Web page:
Old games from the 90s: Puzzle-action Scribblenauts is one of the most popular old games from the 90s for the Nintendo DS that promises the ability to solve puzzles using virtually anything the player can dream up. It was developed by 5th Cell, published by Warner Bros. Interactive, and released on September 15, 2009.
Scribblenauts won numerous “Best of E3 Awards” during E3 2009. This is 5th Cell’s third game, the first two were Drawn to Life and Lock’s Quest.
Old games from the 90s – Scribblenauts Overview, Nintendo DS Word-Based Puzzle Game
Fear not, this is not Scrabble(TM) or Word Coach. However, Scribblenauts is a word-based puzzle game in a sense. It features a massive set of puzzle and action levels, which requires players to use their imaginations and write words which become real objects in the game. Write “Chain” and the game creates a chain, which can be attached at either end. Write “Zombie” and a zombie comes to life and attacks other people, turning them into zombies. Due to the open-ended nature of the game, the solutions to Scribblenauts’ puzzles is limited only to the player’s creativity.
Word-Based Gameplay: To solve puzzles, players must invoke various objects, creatures, tools, and weapons by simply typing or writing the word into the Nintendo DS via Stylus. Will Maxwell (the main character) travel across the open water by Submarine? Or will he fly over the lake with a Helicopter? The options are incredibly open-ended.
According to the game’s manual, however: “Keep in mind that the game won’t recognize words that are copyrighted, vulgar, or inappropriate.” So no flinging poo at Donald Trump. Other than these reasonable limitations, the game recognizes a dictionary-sized amount of words – even God can make an appearance if the player so wishes!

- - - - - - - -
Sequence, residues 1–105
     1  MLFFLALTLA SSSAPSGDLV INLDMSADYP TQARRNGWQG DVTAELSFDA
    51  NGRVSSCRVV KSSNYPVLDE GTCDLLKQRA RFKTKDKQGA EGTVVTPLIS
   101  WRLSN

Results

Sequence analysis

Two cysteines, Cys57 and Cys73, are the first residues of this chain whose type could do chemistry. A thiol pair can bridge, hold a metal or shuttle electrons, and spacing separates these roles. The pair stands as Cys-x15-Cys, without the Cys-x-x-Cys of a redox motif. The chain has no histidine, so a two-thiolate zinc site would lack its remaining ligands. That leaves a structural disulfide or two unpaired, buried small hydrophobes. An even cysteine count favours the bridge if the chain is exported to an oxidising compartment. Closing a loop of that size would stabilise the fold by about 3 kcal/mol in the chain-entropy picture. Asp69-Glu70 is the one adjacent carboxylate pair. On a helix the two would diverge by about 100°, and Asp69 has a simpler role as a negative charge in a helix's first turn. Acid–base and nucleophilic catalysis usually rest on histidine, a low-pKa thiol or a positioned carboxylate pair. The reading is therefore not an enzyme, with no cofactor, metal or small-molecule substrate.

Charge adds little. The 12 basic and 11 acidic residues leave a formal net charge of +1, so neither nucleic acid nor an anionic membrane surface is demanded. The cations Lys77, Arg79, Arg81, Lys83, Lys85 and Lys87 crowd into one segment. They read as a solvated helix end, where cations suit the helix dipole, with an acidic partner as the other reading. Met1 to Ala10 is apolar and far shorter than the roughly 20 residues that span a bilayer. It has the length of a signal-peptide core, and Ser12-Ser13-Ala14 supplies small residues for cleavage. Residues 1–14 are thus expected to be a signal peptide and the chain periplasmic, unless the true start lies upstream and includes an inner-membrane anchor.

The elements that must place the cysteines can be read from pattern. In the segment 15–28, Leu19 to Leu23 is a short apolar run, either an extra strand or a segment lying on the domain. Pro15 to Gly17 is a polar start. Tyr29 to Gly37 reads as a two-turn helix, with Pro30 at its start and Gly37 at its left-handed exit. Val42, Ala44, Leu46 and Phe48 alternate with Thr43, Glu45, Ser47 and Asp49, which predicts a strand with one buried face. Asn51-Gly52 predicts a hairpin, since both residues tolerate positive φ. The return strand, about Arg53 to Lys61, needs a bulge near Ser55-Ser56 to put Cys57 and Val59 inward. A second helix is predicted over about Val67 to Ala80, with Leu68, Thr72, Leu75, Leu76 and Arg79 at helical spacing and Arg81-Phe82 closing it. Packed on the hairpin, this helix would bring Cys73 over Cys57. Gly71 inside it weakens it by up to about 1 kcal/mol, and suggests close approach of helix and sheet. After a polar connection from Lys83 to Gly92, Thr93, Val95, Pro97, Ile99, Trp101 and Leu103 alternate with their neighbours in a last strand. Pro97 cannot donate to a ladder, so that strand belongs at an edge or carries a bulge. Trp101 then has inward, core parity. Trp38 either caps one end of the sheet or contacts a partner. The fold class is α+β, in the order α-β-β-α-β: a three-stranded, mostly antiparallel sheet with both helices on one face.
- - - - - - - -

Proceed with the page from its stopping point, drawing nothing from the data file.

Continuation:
Open-ended Playground: Before the player even has a chance to enter a name for a save file, the game allows for never ending play in the Playground or “Main Menu.” Players can summon anything they want and play around: summon a forest and then light it ablaze with a flamethrower! Unleash a zombie outbreak and snipe the undead safely above head while riding a blimp! The Playground is the best place for a player’s imagination to run wild.
Action and Puzzle Levels 220 in Total:
Scribblenauts is split between Action and Puzzle levels, with 10 different worlds (each with its own theme), and 11 Action and 11 Puzzle levels for each world. Action puzzles are typically more straightforward challenges, while puzzle levels require solving some kind of special objective.
Both ultimately requires attaining a “Starite” (star-shaped treasure) to complete. After finishing a level, it is open and available for modification using the level editor, allowing gamers the option to create their own levels and share with friends via WiFi connection. Players can also challenge themselves to solve the same puzzles over again, only in a different way using the different words.
Scribblenauts offers a truly unique game with a variety of challenges, puzzles, and extra features.
Scribblenauts Review by Gamepro – Summary